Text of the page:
7. 7. Tigah Others books and documents related to the research are The Lion River-Indus (1975), by Jean Fairley. The Defence of India, India of Today Series (1923), by Arthur Vincent, Pakistan Between Mosque and Military (2005), by Hussain Haqqani, Pakistan’s Drift into Extremism: Allah, The Army, And America’s War on Terror (2005), by Hassan Abbas, FATA Beginning of a New Era (2006), by Sohail Masood Alvi, A to Z Jihadi Organizations in Pakistan (2006), by Mohammad Amir Rana. The Constitution of the Islamic Republic of Pakistan as modified by the National Assembly of Pakistan up to 31st July, 2004. The Frontier Crimes Regulation of 1901, FATA: Sustainable Development Plan 2007-2015, by Civil Secretariat FATA Peshawar. Analysis For this research, descriptive and analytical methods have been adopted besides the secondary sources. One of the authors is also a resident of Miran Shah, North Waziristan Agency (NWA), therefore personal observation and experiences have also been added. One fact that needs to be kept in view is that FATA has a special area status under the 1973 Constitution of Pakistan. “The President may, at any time, direct that the whole or any part of a Tribal Areas shall cease to be tribal area, and such order may contain incidental and consequential provisions as appear to the President to be necessary and proper, However, before making any order, the President shall ascertain, in such manner as he considers appropriate, the views of the people of the Tribal Area concerned, as represented in tribal Jirga.”12 The tribesmen still very faithfully stick to Pakhtunwali and Rivaj and are not used to the AngloSaxon law. The reorganization or integration must not fail to factor in their sensitivities and to capitalize on the social capital engendered by the Jirga system. 124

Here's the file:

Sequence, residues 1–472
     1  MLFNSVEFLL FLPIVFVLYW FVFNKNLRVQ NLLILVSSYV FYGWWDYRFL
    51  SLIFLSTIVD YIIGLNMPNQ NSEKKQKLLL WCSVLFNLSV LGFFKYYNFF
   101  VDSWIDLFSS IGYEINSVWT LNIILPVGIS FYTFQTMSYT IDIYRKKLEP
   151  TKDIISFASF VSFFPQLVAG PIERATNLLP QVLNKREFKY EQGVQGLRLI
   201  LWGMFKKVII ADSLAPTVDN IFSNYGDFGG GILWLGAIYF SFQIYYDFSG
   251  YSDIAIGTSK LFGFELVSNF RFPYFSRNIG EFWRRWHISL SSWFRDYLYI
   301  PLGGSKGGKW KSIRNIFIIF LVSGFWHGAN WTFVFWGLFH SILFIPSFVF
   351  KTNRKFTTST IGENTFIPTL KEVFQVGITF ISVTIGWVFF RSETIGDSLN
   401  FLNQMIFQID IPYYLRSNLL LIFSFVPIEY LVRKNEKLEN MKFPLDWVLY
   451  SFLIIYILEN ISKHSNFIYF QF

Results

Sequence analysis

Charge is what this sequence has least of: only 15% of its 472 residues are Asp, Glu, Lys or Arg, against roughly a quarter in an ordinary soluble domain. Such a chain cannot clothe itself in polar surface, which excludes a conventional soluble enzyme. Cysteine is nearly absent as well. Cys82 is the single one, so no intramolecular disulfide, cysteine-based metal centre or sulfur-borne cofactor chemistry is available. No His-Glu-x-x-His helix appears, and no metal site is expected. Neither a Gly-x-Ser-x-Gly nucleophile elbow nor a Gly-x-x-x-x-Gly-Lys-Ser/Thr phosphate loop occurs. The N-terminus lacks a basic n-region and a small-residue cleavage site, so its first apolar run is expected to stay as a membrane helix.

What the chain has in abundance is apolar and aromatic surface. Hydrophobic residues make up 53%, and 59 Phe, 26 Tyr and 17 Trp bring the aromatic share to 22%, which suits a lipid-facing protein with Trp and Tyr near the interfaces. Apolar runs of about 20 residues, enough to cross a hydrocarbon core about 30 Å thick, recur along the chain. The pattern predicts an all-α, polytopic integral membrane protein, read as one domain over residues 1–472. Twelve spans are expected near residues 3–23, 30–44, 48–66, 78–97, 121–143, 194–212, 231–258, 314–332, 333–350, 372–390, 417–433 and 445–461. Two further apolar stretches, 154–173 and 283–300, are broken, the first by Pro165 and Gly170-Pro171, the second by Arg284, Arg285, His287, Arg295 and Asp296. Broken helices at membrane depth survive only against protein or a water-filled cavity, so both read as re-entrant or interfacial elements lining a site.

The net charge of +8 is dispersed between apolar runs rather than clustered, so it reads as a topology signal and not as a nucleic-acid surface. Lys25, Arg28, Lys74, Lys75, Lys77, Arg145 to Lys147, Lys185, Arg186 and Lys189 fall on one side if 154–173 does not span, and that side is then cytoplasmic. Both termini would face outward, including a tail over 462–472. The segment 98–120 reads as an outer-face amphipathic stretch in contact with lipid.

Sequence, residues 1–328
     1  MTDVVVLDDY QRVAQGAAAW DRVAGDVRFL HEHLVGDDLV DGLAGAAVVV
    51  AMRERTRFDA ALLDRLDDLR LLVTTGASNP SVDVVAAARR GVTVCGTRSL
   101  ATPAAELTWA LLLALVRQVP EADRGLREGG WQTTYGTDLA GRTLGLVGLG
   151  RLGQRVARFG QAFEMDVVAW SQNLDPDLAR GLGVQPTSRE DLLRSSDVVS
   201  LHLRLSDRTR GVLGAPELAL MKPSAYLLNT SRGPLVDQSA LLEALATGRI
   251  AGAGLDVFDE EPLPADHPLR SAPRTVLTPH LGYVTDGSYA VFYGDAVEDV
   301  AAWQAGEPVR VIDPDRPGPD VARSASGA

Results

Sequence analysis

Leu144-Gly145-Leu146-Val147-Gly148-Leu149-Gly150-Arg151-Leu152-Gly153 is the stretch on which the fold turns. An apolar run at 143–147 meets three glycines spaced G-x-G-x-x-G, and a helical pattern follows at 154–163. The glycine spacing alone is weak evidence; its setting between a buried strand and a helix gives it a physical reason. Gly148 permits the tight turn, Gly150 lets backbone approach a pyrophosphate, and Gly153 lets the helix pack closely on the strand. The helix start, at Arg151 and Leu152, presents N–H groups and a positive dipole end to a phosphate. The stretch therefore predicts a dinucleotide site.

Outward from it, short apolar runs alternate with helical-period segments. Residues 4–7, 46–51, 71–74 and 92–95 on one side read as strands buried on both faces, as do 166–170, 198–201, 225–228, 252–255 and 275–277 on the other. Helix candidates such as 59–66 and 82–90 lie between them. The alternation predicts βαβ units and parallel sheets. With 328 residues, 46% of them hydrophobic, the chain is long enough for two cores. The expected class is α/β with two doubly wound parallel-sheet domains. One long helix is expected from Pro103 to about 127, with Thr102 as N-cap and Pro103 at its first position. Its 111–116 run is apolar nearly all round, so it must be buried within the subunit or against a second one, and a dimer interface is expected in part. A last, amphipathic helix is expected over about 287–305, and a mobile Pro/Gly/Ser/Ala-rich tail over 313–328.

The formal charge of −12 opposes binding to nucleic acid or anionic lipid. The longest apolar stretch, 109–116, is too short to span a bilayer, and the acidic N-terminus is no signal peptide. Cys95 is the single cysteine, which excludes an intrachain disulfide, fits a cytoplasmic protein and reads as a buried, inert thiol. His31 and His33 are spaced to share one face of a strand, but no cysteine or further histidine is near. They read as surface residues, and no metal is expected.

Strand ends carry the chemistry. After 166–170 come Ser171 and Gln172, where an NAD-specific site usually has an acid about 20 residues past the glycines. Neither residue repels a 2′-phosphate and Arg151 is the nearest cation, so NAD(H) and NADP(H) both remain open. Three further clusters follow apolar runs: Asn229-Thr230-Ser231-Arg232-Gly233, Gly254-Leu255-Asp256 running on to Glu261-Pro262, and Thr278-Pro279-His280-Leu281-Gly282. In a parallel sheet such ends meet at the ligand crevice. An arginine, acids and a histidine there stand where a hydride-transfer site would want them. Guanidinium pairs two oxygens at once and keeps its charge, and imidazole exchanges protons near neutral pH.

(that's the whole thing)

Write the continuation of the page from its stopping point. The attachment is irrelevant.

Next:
8. 8. Integrating Pakistan’s Tribal Areas into the National Picture Before explaining the ways and means of mainstreaming the tribal areas, a bird’s view has been taken about the state of affairs in the country. There have been continuous efforts to remove the structural irregularity, bureaucratic malfunctioning, and delivery shortfalls; the common man is greatly weighed under the burden of an endless range of problems compounded by uncontrolled inefficiencies, widespread disequilibrium and imbalanced benefits tilted in favor of the powerful. The state institutions and actors are generally alleged to work only in the interest of the elite class and patently to the inconvenience and exploitation of the common man, for whom the things are only going worst. He supposes every declared reform effort as a race to the bottom. With these conditions, there are no realistic advantages in disturbing the equilibrium of the tribal society by imposing a system which even fails to bring in place a way on delivery machinery that is responsive to the requirements of the tribesmen and suit their genius. Hence, the state institutions are already experiencing performance weakness and have their own coping problems. In this situation, these institutions need consolidation and re-engineering rather than diluting their energy by asking these to spread out into a new area. Thus an integrated, comprehensive, strategic, considered and forward looking approach for improvements in the tribal area system is needed, not having shortcomings of the settled areas framework or a displacement of that system. It should be built upon the tribal values, resources and social capital while avoiding an outsider’s approach. The system of indirect administration of the tribal is linked with a few factors. The major irritant areas include (1) compensation for the extreme narrowness of the present administrative units as well as many other institutions; (2) division of the tribal areas into administered, protected, and unadministered areas; (3) speeding up economic development with such assistant interventions as fostering an agrarian base and land revenue administration and functioning local markets and commercial centers; (4) putting premium on the Jirga system and 125